The Seattle Times doesn’t have the greatest track record when it comes to picking out a candidate for State Auditor. In 2012, the Times editorial board endorsed now disgraced Democrat Troy Kelley for the position.
The Times editorial board wrote that Kelley is its “disappointing choice between two flawed candidates.” The factor that “tipped the scale” in favor of Kelley was then-Republican candidate James Watkins aggressive attempts to expose corruption in the Democrat’s past– the very same corruption that launched a federal criminal investigation.
Since Watkins’ “aggressive attempts” proved warranted, one would think that the Times would take a little more care with its endorsement this year – perhaps choosing a candidate with a public record of proven, trustworthy leadership.
Regrettably, that didn’t happen.
Instead, the Times editorial board endorsed Democrat Seattle trial lawyer Jeffrey Sprung — as opposed to Republican State Senator Mark Miloscia — for State Auditor. A pathetic choice, really.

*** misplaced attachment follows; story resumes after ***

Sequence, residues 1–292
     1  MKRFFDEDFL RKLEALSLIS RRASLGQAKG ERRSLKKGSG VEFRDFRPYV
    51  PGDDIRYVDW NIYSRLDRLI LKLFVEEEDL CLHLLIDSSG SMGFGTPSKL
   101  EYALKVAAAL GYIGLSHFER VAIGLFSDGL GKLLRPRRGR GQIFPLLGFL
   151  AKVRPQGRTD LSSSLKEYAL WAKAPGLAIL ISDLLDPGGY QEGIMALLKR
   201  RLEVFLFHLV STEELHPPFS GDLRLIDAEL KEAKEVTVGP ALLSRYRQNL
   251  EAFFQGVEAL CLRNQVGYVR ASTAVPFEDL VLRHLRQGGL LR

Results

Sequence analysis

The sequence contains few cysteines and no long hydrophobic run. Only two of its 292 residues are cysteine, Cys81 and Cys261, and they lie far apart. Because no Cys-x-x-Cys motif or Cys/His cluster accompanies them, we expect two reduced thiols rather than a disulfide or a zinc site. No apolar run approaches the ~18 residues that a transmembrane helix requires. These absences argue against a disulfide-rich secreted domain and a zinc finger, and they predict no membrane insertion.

Suggesting Sprung is a “political newcomer,” the editorial board insists that “fresh leadership” is needed in the office that truly needs someone who can uphold government accountability. So, naturally, the Times picked a special-interest candidate from the same party that has tainted the office with scandal and corruption.
Billing him as someone that would bring “fresh leadership,” the Times ignores that Sprung has already resorted to typical sleazy Democrat campaign tactics — especially in his attacks against Miloscia.
Sprung isn’t concerned with defending the truth — as his false claims in the voters’ guide for the Aug. 2 primary election proves. Unfortunately, the Times editorial board has (once again) fallen right into that trap.
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